We welcomed spring this morning by watching the sunrise on the beach. We arrived about 6:15, and when we got out of the car, the smell of the ocean filled the air the way it does on some mornings. A bank of fog covered the houses behind us on the bay, but the ocean was clear. It was the warmest first day of spring I can remember. At first, we were the only ones on the beach. There we were, the  three of us, sitting in our beach chairs as if it were a summer day. The sea was so calm you could barely see the waves touch the sand. Behind us were squawking ducks while over the water were seagulls making all sorts of noises. I watched the birds dive into the water hunting breakfast. The sky was pink, and the pink was reflected in the water. Clare hunted shells so we could have a memento. A woman and her dog went by us down to the jetty at the end of the beach. She was throwing a tennis ball, and he was running with such joy I swear the dog was smiling.

We saw the sun start to rise when the tip first appeared, and it was glorious, all red and so bright it made us see dots before our eyes. As the sun got bigger, it seemed to get brighter and brighter. The water was so calm it reflected every bit of the light, and on it we could see the red as if a broad road led from the sun. Canada geese floated by us and several others flew right over the water toward the rising sun. We sang our welcome spring songs and took pictures of each other. It was a glorious morning which ended with our traditional first spring breakfast.

On the way home from breakfast, we couldn’t see Scargo Lake because the fog was so dense. I love foggy mornings, and I loved this morning with all its beauty, color and tradition.

“There’s an unseen force which lets birds know when you’ve just washed your car.”

July 24, 2011

The day is dark and perfectly still. The leaves are barely moving. I only hear birds. It rained this morning for a while, a short while. Before I went to breakfast, I turned off the AC and opened the windows even though today will be in the 80’s. Gracie was tired of being stuck in the house, and I missed the sounds of the street and my little world on the deck. Later, when it hits the 80’s, I may have to turn on the AC again. Starting tomorrow and for the next few days, we’ll have a summer reprieve. Temperatures will be in the 70’s.

My friend Glenn sent me pictures of last January’s snowstorm. His house and car are covered in snow, and his street has yet to be plowed. I remember that storm, and I remember wishing for summer.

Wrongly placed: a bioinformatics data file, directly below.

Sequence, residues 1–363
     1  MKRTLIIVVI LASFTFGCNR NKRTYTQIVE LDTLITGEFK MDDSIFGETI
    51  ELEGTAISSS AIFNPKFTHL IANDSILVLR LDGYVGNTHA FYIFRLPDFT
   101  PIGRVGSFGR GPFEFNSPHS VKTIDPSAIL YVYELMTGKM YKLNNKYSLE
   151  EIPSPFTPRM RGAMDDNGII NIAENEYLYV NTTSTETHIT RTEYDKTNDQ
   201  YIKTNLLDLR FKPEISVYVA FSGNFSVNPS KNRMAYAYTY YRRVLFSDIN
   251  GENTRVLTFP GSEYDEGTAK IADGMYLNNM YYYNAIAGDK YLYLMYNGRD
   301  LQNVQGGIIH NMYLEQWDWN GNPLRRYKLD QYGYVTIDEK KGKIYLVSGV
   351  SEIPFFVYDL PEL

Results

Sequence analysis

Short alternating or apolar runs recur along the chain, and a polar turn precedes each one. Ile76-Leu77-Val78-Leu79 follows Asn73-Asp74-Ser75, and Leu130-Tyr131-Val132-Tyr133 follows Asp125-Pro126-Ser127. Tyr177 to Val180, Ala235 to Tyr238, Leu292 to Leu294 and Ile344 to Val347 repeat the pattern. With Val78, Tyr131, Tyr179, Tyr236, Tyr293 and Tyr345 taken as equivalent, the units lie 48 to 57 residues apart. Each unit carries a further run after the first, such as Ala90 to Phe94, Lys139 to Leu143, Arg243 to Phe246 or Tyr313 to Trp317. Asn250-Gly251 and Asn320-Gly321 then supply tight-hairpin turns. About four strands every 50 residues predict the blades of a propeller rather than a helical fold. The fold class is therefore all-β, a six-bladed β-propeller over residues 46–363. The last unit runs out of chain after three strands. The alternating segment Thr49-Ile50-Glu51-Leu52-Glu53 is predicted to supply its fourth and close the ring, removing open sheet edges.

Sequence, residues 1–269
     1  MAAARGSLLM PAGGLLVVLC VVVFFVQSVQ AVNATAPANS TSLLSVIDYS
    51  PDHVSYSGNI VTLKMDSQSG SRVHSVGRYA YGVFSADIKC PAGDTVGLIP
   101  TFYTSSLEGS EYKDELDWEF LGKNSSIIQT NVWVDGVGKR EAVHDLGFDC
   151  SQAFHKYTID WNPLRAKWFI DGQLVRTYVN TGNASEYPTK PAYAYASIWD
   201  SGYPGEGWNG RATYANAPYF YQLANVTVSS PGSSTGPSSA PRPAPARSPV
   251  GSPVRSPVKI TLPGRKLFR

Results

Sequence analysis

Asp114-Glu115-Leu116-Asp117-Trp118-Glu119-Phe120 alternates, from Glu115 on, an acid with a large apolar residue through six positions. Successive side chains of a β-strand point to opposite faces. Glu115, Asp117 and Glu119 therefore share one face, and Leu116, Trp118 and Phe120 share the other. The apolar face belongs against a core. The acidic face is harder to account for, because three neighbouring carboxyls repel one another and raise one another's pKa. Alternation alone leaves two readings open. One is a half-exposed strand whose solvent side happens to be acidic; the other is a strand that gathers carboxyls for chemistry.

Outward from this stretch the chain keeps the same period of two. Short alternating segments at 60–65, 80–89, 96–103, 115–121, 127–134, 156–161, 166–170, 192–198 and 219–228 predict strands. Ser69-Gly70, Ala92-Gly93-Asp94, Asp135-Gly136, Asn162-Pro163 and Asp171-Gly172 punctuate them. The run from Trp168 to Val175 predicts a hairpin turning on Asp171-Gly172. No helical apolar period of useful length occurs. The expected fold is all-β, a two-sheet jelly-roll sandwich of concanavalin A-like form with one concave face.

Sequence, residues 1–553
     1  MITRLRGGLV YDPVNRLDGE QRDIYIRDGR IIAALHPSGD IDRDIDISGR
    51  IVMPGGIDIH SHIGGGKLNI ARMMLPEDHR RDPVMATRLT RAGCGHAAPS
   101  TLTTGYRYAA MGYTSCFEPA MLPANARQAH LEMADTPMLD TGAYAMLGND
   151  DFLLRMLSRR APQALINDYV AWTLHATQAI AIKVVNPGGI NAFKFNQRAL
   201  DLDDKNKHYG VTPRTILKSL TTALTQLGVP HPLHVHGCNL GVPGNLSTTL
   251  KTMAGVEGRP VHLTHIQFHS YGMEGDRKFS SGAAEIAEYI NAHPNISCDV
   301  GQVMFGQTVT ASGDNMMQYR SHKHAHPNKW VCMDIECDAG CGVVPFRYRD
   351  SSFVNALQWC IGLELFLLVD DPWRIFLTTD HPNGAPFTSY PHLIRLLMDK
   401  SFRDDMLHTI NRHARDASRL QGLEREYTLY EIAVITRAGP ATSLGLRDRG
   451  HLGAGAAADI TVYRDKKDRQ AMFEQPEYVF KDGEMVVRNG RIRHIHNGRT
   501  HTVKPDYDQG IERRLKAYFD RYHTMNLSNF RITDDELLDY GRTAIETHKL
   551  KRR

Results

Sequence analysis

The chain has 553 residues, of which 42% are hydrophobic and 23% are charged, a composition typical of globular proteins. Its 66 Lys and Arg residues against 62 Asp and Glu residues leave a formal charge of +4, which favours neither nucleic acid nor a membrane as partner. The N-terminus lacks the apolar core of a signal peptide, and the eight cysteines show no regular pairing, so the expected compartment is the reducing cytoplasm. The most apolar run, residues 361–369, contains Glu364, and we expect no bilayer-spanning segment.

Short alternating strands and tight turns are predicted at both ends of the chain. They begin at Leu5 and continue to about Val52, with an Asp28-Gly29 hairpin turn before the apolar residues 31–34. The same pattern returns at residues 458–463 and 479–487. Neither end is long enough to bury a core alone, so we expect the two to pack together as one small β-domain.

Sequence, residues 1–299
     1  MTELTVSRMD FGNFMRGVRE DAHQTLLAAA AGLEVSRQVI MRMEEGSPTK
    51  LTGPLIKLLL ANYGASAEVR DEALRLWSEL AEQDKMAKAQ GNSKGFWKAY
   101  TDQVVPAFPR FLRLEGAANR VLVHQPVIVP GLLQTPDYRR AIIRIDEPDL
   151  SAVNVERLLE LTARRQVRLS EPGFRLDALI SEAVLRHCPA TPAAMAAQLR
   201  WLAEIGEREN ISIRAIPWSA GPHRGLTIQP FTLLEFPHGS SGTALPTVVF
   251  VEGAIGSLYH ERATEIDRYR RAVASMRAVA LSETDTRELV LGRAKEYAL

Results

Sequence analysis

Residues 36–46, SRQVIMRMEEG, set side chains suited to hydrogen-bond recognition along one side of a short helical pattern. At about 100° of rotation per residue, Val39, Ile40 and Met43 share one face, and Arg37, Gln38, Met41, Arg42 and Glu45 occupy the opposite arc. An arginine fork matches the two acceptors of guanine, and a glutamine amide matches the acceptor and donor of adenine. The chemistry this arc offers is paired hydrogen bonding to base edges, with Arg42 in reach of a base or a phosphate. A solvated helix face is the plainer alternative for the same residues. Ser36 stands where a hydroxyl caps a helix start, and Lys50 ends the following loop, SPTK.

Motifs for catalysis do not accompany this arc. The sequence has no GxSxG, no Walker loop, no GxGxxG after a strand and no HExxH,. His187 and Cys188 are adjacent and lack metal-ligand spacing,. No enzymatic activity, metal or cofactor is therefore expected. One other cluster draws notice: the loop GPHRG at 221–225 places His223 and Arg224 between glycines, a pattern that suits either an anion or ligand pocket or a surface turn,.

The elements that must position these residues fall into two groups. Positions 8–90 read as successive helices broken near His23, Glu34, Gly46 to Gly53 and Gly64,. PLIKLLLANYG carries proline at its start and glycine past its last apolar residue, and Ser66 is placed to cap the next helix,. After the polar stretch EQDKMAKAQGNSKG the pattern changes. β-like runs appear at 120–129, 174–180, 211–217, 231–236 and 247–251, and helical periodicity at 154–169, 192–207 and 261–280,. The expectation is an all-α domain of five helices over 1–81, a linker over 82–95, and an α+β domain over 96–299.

I’ve come to the conclusion that people need something to gripe about, even the happiest among us. It is just the nature of the beast. Though I count myself among the latter, the happy ones, I’ve been complaining about the heat and humidity, the traffic and the gawking tourists who slow down all that traffic. I figure venting by filling the air with a few blue words is my way of thwarting grumpiness.

Sunday was usually the day we went to the beach. On Saturday my dad did his house chores, mostly the yard, so it was his day to work around the house. Sunday we’d load up the car. The picnic basket, the tartan cooler, assorted towels, the beach blanket, shirts to ward off sunburn, four kids and my parents were piled into the car, the car without air-conditioning. All four windows would be opened, but the air always felt hot, and I was prone to car sickness. The two windows by the backseat could only go down halfway so that added to the misery. Once I threw up out the window, and my father thought it had started to rain. My poor sister sat in the middle between my brother and me, but we’d still fight over sides. I’d complain his foot was on my side and he’d yell back that it wasn’t. Meanwhile, with his eyes on the road, my father would swing his arm back and forth over the front seat hoping to hit one of us. He never did. The threats were next, ” Keep this up and we’re going home.” That generally quieted us down as we all loved the beach.

My favorite beach story, which I know I’ve told here before, merits retelling. It has become a family favorite repeated often when we’re together. My brother and I were tossing rocks into the water, and my mother told us to stop. We did, but a few minutes later she started yelling at us, “I told you to stop and now which one of you has hit me on the head?” We were dumbfounded as we had actually listened to her and stopped throwing rocks. We ran over and found a seagull had hit my mother dead center in the head. We told her, and she started gagging (my mother was a gagger, even when changing our diapers) as she ran to the water screaming for us to help wash it out of her hair. We did, but we laughed quietly the whole time. Only our shaking shoulders gave us away.